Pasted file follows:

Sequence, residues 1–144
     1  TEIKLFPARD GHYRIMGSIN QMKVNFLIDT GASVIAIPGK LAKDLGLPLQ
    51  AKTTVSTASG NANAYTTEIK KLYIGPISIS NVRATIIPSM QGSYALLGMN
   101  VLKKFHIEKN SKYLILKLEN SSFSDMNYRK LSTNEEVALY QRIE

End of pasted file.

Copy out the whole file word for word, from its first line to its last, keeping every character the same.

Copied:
Sequence, residues 1–144
     1  TEIKLFPARD GHYRIMGSIN QMKVNFLIDT GASVIAIPGK LAKDLGLPLQ
    51  AKTTVSTASG NANAYTTEIK KLYIGPISIS NVRATIIPSM QGSYALLGMN
   101  VLKKFHIEKN SKYLILKLEN SSFSDMNYRK LSTNEEVALY QRIE